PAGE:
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“Anonymous” Blows Up, But Shakespeare Survives

Conspiracy theories are epidemic. Depending on whom you believe, Pearl Harbor was part of FDR’s plot to draw us into World War II; Truman Capote wrote To Kill a Mockingbird; Castro killed Kennedy; and the Bush administration blew up the Twin towers. From Obama’s birth to Stieg Larsson’s death there seems to be a need to find some nefarious hand at work behind almost everything these days.

So it should come as no surprise that Sony Pictures’ newest release, Roland Emmerich’s Anonymous, falls into this category. Emmerich, whose previous films include such digital apocalyptic spectacles as Independence Day and 2012, here proposes to blowup history, literary and otherwise, by claiming that the plays of William Shakespeare were actually written by Edward de Vere, 17th Earl of Oxford. Before reading further, allow me to dispel any fears. What you are about to read could not possibly spoil the film by giving away key facts. For in Anonymous, the filmmakers have gone to extraordinary lengths to make certain facts play no significant part.

Historically, this is not the first challenge to Shakespeare’s authorship, nor is it likely to be the last. In Shakespeare’s lifetime and for the next 169 years, no one suggested that anyone other than the Bard, himself, wrote the plays. Then in 1785, a scholar named James Wilmot made the case for Sir Francis Bacon. And over the 226 years since, roughly 5,000 books and articles have been written on the subject claiming everyone from Christopher Marlowe to Queen Elizabeth I, herself, as the true author.

The Earl of Oxford was first suggested in 1920 by a man with the unfortunate name of J.T. Looney, who argued that de Vere was a man of wit and letters, widely traveled, and familiar with court etiquette – in Looney’s view, the perfect candidate. Among those subscribing to his theory was none other than Sigmund Freud, who felt that the son of a glover from tiny Stratford-upon-Avon, a man with no more than a grade school education, could not possibly have been so knowledgeable or have had such a command of the language.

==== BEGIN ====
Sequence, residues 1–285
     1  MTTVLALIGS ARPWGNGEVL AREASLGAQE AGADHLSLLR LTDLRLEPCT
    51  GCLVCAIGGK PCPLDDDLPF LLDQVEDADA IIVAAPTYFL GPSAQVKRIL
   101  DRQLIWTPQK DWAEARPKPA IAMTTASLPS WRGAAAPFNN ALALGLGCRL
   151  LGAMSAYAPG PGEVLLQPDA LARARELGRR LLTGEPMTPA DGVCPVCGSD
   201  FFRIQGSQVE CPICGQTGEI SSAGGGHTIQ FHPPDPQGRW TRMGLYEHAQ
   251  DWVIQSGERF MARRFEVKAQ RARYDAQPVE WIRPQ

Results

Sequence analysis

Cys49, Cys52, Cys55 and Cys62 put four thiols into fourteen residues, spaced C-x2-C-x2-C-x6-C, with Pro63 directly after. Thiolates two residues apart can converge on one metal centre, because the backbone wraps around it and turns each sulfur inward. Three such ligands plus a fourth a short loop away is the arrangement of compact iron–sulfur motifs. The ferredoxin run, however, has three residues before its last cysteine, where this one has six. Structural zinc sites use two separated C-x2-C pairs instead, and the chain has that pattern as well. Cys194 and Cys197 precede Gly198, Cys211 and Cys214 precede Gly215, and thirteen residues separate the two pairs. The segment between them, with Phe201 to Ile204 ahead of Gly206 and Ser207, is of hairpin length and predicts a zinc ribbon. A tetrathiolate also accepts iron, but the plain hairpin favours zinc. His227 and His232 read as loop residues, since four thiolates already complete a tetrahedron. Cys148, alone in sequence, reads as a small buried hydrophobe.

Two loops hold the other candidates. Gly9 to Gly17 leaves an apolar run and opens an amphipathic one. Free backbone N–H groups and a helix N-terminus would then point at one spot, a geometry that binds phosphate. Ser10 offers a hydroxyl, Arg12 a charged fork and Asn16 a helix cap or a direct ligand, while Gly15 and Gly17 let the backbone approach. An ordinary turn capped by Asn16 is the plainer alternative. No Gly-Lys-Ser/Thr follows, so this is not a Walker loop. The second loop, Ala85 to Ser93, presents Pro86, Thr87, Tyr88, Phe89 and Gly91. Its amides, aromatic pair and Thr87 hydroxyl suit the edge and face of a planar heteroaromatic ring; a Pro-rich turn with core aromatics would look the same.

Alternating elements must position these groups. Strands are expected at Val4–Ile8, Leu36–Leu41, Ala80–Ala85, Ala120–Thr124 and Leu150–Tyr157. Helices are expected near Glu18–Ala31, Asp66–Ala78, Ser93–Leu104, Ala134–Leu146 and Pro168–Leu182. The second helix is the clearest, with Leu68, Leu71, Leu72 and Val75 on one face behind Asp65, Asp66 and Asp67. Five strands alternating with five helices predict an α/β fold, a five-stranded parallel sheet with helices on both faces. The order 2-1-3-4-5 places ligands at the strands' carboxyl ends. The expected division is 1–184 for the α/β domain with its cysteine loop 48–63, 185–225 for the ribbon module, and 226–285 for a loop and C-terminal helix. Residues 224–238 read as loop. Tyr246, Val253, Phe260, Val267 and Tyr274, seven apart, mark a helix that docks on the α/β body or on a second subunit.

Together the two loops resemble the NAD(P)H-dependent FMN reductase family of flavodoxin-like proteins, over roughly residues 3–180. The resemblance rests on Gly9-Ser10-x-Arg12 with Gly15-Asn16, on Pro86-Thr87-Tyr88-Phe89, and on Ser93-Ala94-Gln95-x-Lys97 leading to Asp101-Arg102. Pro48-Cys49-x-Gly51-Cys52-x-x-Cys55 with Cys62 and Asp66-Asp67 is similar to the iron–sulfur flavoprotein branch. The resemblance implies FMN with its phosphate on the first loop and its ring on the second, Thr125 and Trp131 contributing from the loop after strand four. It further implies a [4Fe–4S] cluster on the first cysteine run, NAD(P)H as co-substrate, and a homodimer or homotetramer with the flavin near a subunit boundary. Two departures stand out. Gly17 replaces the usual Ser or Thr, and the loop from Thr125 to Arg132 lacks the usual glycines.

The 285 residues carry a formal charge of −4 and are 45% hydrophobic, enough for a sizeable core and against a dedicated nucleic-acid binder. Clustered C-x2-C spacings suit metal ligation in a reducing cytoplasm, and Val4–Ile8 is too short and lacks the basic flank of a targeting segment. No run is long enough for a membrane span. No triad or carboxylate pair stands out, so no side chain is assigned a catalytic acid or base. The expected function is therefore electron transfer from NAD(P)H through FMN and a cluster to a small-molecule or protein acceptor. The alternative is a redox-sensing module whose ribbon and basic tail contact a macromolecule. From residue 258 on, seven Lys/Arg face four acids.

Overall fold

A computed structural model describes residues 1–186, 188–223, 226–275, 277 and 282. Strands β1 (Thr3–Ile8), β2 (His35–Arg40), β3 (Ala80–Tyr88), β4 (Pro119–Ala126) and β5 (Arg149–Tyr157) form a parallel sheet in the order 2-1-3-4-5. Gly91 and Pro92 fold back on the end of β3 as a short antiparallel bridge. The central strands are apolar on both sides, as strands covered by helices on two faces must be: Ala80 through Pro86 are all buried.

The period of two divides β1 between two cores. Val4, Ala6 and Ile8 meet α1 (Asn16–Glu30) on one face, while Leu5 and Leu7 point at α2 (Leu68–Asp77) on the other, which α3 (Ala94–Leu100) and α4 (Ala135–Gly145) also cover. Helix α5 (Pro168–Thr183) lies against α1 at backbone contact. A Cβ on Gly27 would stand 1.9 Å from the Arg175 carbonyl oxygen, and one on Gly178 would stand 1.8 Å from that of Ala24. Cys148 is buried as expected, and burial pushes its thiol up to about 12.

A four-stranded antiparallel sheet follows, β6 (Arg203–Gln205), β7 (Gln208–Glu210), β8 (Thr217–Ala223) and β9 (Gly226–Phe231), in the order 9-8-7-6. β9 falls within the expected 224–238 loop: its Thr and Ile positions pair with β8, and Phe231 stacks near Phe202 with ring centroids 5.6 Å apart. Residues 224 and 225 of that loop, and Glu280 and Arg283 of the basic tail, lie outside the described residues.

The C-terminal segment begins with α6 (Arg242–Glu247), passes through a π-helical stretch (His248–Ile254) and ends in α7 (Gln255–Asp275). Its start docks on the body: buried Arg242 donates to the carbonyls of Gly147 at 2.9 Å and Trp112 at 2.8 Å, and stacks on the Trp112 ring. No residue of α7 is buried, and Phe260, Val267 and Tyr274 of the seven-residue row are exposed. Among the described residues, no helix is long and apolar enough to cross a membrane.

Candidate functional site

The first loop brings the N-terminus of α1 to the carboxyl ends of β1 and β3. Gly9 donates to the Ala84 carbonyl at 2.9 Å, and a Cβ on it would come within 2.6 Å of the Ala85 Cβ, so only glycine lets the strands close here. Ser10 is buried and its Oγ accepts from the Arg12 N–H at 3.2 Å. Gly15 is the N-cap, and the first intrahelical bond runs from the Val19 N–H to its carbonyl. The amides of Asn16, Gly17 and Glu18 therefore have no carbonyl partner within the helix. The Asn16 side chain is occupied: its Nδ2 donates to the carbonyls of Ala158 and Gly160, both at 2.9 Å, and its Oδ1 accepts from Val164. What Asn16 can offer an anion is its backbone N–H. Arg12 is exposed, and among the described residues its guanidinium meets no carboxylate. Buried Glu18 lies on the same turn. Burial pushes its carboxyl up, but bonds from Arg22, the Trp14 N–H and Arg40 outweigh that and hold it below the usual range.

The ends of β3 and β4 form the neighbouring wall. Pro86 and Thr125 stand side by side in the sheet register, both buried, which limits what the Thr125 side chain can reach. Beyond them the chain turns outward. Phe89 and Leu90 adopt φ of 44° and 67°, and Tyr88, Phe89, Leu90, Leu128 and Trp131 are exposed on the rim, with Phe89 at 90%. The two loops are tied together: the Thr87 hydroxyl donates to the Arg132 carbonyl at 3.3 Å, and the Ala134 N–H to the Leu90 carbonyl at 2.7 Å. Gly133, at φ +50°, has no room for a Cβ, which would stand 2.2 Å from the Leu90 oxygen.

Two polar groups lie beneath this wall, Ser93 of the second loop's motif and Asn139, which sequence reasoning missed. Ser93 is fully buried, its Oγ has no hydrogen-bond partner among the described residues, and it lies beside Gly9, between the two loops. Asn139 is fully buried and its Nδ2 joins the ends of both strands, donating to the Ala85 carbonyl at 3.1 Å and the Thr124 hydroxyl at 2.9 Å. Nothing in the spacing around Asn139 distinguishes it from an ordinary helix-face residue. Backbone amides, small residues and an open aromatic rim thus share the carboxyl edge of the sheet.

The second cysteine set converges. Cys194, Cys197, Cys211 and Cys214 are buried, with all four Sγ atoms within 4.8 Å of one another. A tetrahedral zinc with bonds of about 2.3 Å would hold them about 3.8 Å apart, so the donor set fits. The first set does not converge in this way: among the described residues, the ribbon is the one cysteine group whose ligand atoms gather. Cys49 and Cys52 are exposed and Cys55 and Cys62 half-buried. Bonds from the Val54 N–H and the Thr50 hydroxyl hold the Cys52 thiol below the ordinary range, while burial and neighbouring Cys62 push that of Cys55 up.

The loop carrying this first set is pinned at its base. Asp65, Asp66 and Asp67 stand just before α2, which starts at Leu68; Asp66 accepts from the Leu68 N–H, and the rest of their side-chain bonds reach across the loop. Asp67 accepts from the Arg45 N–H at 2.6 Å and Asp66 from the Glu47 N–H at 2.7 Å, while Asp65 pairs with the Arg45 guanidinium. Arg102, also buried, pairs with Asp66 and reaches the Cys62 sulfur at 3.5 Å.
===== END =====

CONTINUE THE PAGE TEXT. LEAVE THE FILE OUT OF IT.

In truth, I have always been intrigued with the rich welter of Elizabethan England. And through the magic of green-screen, Emmerich gives this period its dramatic due. Handsomely recreated, wonderfully cast (with Derek Jacobi as the Prologue plus the inspired casting of Vanessa Redgrave as old Elizabeth and her daughter Joely Richardson shown in flashback as the young queen), the film unfortunately chooses to play fast and loose with dates and events. Emmerich and his screenwriter, John Orloff, have contrived to rewrite history to suit their outrageous plot. The result is depressing. I say this primarily because there will doubtlessly be those who will see this film and mistake fiction for fact.

At the film’s core is an alleged conspiracy between Oxford and the playwright Ben Jonson to stage plays purportedly written by Oxford “anonymously” (hence the title) with Shakespeare, a drunken but ambitious bumpkin, merely serving as his front. In this version, Oxford has already written all the plays but can’t use his own name because of his noble station. All this is possible, of course, because none of Shakespeare’s own papers have survived (most likely lost between the Puritan demolition of the theatres in 1647 and the Great Fire of 1666). By contrast, de Vere’s life is well documented. Unfortunately for the filmmakers, the documents do not support their story. Not that that stops them.